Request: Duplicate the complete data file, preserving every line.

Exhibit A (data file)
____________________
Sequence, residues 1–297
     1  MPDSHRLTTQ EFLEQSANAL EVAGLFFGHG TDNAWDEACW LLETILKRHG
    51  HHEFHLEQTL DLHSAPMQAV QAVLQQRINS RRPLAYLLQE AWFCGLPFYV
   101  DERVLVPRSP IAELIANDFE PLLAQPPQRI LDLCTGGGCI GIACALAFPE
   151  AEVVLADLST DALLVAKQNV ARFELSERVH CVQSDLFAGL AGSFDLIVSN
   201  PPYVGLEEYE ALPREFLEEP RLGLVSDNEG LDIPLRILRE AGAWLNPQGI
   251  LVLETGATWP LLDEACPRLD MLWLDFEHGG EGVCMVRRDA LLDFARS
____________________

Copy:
Sequence, residues 1–297
     1  MPDSHRLTTQ EFLEQSANAL EVAGLFFGHG TDNAWDEACW LLETILKRHG
    51  HHEFHLEQTL DLHSAPMQAV QAVLQQRINS RRPLAYLLQE AWFCGLPFYV
   101  DERVLVPRSP IAELIANDFE PLLAQPPQRI LDLCTGGGCI GIACALAFPE
   151  AEVVLADLST DALLVAKQNV ARFELSERVH CVQSDLFAGL AGSFDLIVSN
   201  PPYVGLEEYE ALPREFLEEP RLGLVSDNEG LDIPLRILRE AGAWLNPQGI
   251  LVLETGATWP LLDEACPRLD MLWLDFEHGG EGVCMVRRDA LLDFARS